Baldoni is talking about leadership skills. He wants to help people develop theirs and to learn how to recognize them in other people. If we recognize that coaches and therapists also exercise leadership skills, we will have taken a step forward. And if we compare the right way to lead and to manage, then we will also understand why psychoanalysis has set such a bad leadership example.
Baldoni does not just address the way an executive or manager leads. He is thinking of the staff member who presents a new idea or plan in a meeting and receives a good dose of criticism. How he handles the criticism will show everyone whether or not he is ready to advance up the ladder of executive success.
Baldoni's point is simple: a good leader knows how to handle criticism. He can defend his idea without being defensive.
In his words: "Maintaining an even keel in the face of skepticism or even criticism is a vital attribute to leadership presence, the kind of aura you need to radiate if you ever hope to instill followership."
Everyone knows that you do not just lead by giving orders. You need to instill followership, the willingness of others to follow your lead. You project the aura that tells everyone that you are in charge by retaining your equanimity when being criticized.
Of course, being criticized is not the same as being insulted. Criticism casts doubt on your proposal; an insult attacks you. You must respect those who disagree with your ideas; you should not respect people who are trying to diminish your person. For now I will leave the question of dealing with insults aside and limit myself to the terms of Baldoni's article: you are presenting a new proposal and others disagree with you.
A good manager expects his staff to disagree, to criticize, and to challenge his proposal. An aspiring manager should show that he is comfortable hearing criticism. Without an exchange of opinions a manager will never be able to inspire others to do their best when they are called on to implement the new policy. If the staff or your colleagues do not participate actively in formulating the policy they will not have a stake in its successful implementation.
How does a manager deal with criticism?
First, he does not take it personally. He does not take it as a personal insult. He does not take it as a rejection of him as a person. If he does, he will become defensive. Even if he does not believe that he is taking it personally, if he acts defensively, everyone will understand that he is taking it personally. This will tell everyone that he is thinking of what is good for him, not what is good for the company.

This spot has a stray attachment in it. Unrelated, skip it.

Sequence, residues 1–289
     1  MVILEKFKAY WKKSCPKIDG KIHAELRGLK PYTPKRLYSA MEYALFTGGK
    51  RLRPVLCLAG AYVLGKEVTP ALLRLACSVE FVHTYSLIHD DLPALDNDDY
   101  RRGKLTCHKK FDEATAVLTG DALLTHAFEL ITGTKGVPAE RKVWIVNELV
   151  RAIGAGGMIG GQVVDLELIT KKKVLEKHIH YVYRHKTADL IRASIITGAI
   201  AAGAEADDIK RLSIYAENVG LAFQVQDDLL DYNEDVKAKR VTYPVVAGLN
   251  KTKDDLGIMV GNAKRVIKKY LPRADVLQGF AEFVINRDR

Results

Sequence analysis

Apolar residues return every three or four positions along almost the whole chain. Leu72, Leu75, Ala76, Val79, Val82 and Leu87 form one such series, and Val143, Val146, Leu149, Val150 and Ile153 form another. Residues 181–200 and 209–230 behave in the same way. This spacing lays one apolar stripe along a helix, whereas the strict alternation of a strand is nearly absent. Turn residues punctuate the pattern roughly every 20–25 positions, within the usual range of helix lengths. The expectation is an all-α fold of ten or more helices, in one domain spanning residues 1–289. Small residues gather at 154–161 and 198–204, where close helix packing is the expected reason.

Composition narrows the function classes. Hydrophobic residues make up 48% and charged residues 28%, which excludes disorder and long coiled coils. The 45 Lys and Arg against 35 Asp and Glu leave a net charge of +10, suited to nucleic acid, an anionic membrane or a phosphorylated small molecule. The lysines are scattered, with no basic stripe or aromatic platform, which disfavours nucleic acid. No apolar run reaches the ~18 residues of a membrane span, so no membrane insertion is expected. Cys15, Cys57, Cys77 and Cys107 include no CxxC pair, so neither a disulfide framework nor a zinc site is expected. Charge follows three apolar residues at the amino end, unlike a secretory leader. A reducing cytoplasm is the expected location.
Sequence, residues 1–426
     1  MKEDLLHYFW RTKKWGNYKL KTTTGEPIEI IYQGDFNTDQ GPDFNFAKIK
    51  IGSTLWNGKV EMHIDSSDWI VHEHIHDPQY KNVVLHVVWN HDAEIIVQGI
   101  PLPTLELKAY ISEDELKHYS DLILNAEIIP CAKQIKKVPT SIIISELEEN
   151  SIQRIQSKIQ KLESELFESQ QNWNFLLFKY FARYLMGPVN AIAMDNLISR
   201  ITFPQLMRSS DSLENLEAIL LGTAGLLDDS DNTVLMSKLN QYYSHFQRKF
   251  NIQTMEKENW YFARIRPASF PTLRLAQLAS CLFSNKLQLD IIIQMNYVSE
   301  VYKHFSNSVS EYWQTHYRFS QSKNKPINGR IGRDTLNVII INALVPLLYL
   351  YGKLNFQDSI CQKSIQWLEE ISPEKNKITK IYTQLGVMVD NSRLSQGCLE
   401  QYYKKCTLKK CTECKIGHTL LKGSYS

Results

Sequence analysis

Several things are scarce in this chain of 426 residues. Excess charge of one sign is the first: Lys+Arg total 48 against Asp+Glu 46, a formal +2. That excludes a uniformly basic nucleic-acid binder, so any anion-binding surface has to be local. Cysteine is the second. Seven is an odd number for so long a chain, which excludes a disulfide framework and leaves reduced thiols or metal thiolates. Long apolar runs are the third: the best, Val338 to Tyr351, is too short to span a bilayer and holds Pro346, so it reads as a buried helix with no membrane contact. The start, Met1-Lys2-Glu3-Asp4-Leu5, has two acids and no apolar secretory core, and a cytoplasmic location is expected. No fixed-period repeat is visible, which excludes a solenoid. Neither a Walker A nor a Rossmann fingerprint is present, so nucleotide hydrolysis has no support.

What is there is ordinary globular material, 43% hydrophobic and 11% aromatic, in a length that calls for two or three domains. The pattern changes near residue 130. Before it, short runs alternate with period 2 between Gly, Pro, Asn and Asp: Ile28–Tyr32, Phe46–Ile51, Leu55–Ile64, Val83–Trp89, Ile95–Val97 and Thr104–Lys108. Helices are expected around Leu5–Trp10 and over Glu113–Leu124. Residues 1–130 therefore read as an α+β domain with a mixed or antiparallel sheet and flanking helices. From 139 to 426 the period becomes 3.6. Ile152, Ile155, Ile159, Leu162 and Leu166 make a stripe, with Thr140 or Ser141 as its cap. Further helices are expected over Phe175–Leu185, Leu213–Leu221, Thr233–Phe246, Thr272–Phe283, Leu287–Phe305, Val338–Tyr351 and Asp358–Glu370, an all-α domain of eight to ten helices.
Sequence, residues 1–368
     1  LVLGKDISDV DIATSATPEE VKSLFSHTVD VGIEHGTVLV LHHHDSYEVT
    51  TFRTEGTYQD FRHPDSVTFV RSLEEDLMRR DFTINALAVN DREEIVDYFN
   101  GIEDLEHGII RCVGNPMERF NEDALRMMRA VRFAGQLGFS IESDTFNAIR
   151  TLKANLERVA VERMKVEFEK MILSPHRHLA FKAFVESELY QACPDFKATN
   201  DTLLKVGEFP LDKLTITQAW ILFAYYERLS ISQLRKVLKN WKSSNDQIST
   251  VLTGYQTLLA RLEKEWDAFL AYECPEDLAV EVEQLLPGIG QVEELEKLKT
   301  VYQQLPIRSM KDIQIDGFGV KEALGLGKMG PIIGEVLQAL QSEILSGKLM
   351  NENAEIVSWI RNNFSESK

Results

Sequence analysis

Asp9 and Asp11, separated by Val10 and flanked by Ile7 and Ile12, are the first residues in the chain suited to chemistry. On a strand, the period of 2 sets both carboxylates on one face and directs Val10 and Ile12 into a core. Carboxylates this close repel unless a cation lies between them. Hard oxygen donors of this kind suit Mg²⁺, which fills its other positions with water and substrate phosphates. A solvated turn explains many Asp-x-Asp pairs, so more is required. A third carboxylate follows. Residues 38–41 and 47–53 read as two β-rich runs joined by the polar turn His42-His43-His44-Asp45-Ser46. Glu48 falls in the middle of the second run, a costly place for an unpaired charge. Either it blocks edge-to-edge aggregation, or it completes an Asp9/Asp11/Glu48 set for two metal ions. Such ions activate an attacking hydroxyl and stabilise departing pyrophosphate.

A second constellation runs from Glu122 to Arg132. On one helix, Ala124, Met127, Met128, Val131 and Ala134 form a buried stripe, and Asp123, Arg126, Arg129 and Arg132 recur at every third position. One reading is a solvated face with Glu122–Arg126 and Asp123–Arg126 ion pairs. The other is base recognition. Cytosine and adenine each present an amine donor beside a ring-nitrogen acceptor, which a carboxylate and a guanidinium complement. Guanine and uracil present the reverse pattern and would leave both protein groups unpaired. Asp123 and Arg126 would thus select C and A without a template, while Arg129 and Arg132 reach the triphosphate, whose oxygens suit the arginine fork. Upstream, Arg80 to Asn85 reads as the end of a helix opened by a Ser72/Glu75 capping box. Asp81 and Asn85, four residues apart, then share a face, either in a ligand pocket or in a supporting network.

Second, he does not let them see him sweat. He maintains his composure. He does not act as though he has never considered alternate points of view. He must maintain his composure even when receiving strong, blunt criticism.
And he does not hide under the table. A manager who is struck dumb, who has nothing to say when faced with criticism, is not a leader.
As Baldoni says, a leader must first show that he is in control of himself. If he cannot do that he will never be allowed to control others.
Often we believe that when someone responds to us with passion, we must counter his passion with our own.
And yet, if you walk into a meeting and see that one person is calm and focused while everyone else is lathered up or scared, then you will know who is in charge.
Third, a leader does not dismiss criticism out of hand. If you imagine that disagreement is illegitimate you are producing dissension, not comity. If you imagine that disagreement is a sign of mental illness, you had too much psychoanalysis
Confidence that does not respect different opinions is arrogance. It will try to bully others into acquiescing, but will end up producing drama, not teamwork.
Fourth, a leader must be willing to modify parts of his proposal to reflect the good points that are contained in the criticism. You cannot say that you are a great listener if you never change your mind.
Now, how do you develop your capacity for leadership? Baldoni recommends: preparation, generosity, and patience. As he says, these involve character building, and they will easily serve you in different contexts.
First, be prepared. It is not sufficient to have a great idea and to believe passionately in your idea. You need to have considered the possible objections and you need to be prepared responses to them. You do not want to look as though you have never given any consideration to alternative points of view.
This means that you need to put in the time and effort, not only to develop your proposal but to consider all of the alternatives.
Second, be generous. I have often made this point, and it cannot be made often enough. When you hear criticism you should make it a habit to express appreciation and to find some value in the objection. If you dismiss it out of hand, if you consider it to be illegitimate, you are saying that the person who offered it is worthless. Insulting your staff and colleagues does not advance teamwork.
Third, be patient. Do not expect everyone to agree at once. If your idea involves a disruption of the normal way of doing things, you need to realize that we tend to gravitate toward the familiar and away from the strange. You must be willing to give people time to think through your proposal and to make necessary mental adjustments.
This process involves negotiation, but, then again, all effective leadership and management does.